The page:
* Any views expressed in this opinion piece are those of the author and not of Thomson Reuters Foundation.Social media and mobile phones have become essential for managing emergencies, but mainstream media provide the immediate reports for early damage and needs assessments
Ever since the Haiti earthquake in 2010, social media has become an essential tool for managing emergencies as the combined power of social networks, mobile phones and mapping technology provides citizens with an unprecedented opportunity to seek help in a disaster.
Using Twitter as a basis for crisis maps is now commonplace, while news media have become increasingly digital and can be analysed in real time for disaster management purposes.
But as Patrick Meier, a leading expert on the use of new technologies for crisis early warning and humanitarian response, points out, non-digital media are sometimes at the forefront of providing vital life-saving information.
“Twitter added little value during the recent Pakistan earthquake, for example,” Meier writes on his iRevolution blog. “Instead, it was the Pakistani mainstream media that provided the immediate situational awareness necessary for a preliminary damage and needs assessment.
“This means that our humanitarian technologies need to ingest both social media and mainstream media feeds.”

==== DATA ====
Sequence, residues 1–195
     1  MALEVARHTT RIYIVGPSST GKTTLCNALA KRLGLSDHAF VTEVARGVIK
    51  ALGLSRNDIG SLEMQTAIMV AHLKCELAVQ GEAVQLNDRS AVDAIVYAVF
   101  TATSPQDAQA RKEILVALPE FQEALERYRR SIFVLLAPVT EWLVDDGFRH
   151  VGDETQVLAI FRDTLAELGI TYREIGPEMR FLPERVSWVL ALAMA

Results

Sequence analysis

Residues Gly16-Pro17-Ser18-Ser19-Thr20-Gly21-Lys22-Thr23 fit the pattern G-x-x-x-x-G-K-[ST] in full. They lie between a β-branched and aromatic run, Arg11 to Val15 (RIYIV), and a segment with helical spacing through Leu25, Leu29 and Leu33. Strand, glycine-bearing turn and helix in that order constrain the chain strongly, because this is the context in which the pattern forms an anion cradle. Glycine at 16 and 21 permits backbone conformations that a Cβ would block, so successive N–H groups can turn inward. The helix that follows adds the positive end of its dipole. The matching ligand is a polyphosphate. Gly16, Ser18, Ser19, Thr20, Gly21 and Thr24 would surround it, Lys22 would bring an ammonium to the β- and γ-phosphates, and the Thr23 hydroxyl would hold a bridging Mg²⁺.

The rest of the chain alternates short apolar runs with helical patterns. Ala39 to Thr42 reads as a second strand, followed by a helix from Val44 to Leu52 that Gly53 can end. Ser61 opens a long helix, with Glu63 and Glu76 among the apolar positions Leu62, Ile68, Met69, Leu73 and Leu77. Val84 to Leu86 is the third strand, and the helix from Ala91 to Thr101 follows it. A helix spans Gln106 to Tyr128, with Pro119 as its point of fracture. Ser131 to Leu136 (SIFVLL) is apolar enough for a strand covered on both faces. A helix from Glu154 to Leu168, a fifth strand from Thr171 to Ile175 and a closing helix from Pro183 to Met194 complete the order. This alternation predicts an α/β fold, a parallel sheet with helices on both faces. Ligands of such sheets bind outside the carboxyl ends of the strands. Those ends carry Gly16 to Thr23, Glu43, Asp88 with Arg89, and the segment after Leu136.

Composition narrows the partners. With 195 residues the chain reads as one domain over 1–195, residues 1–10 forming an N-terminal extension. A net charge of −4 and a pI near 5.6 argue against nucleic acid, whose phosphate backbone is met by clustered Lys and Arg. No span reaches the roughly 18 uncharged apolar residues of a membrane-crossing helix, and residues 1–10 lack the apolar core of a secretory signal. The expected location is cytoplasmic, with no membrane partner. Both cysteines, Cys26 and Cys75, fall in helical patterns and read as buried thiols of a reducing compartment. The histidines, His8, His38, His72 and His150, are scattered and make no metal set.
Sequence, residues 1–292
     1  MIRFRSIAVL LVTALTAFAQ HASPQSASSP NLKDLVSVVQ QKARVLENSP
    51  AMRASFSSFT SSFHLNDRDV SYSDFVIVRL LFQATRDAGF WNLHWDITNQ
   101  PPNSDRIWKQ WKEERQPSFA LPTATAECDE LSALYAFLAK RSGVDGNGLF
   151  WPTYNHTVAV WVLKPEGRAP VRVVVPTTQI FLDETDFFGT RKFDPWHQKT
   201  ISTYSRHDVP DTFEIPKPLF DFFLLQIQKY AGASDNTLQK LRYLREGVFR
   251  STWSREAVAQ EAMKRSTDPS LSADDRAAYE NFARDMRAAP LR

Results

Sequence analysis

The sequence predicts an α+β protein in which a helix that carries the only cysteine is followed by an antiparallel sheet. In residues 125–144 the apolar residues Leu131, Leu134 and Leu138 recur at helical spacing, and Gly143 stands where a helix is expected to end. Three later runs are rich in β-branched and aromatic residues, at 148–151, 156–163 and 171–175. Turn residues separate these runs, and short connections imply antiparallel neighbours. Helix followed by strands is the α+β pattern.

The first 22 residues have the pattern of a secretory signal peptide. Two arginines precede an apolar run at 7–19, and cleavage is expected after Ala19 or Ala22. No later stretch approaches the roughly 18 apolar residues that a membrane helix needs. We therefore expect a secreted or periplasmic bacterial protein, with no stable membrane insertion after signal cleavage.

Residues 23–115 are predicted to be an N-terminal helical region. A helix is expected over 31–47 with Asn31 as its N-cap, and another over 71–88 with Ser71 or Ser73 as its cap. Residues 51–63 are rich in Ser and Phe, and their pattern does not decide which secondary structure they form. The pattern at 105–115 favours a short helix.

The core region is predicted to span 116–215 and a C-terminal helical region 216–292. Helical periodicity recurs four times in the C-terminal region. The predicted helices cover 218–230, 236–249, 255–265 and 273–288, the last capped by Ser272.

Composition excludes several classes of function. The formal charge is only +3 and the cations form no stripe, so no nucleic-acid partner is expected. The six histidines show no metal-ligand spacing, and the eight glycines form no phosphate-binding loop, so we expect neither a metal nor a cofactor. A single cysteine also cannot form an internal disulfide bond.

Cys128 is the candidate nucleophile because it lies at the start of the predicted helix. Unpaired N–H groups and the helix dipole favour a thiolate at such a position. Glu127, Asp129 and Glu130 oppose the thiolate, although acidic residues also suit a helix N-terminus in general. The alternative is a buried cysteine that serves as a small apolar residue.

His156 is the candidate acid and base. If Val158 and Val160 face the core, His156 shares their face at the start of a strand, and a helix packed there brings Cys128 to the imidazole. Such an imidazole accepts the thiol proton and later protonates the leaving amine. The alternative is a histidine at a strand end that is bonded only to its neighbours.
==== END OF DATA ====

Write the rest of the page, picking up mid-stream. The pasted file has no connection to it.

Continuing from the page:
Local community media, in particular radio, played a vital in the humanitarian response to the 2011 Japan earthquake, a report by Internews published earlier this year showed.
Combining the monitoring of mainstream media as well as user-generated content helped to provide a more complete crisis map of Kenya during the 2007/08 election violence, Meier showed in a study.
But while this used to mean ploughing manually through masses of news sources, a new tool – the Global Database of Events, Language and Tone (GDELT) – makes linking information from social and mainstream media easier, Meier writes.
GDELT, launched earlier this year, contains almost a quarter of a billion records from news sources on events ranging from riots and protests to diplomatic efforts and peace appeals. It is the single largest public and global event data catalogue ever developed, according to Meier.
GDELT covers all countries from 1979 to the present day with daily updates and is based on a cross-section of all major international, national, regional, as well as local and hyper-local news sources, both print and broadcast, and in English and local languages, according to its website.
All records in the open database are georeferenced to the city or landmark mentioned in the article, and all records include ethnic and religious affiliation of both actors as provided in the text.
The GDELT team has just launched its Global Knowledge Graph (GKG), which aims to connect “every person, organisation, location, count, theme, news source, and event across the planet into a single massive network that captures what is happening around the world, what its context is and who’s involved, and how the world is feeling about it, every single day”, according to its website.
Meier points out that a customized version of the graph could potentially prove useful for Who Does What Where (3Ws), a directory of actors involved in humanitarian emergency response run by the United Nations emergency response coordination office (UN OCHA).
GDELT is run by Kalev Leetaru of University of Illinois, Philip Schrodt of Penn State (PSU) and Patrick Brand of University of Texas at Dallas.
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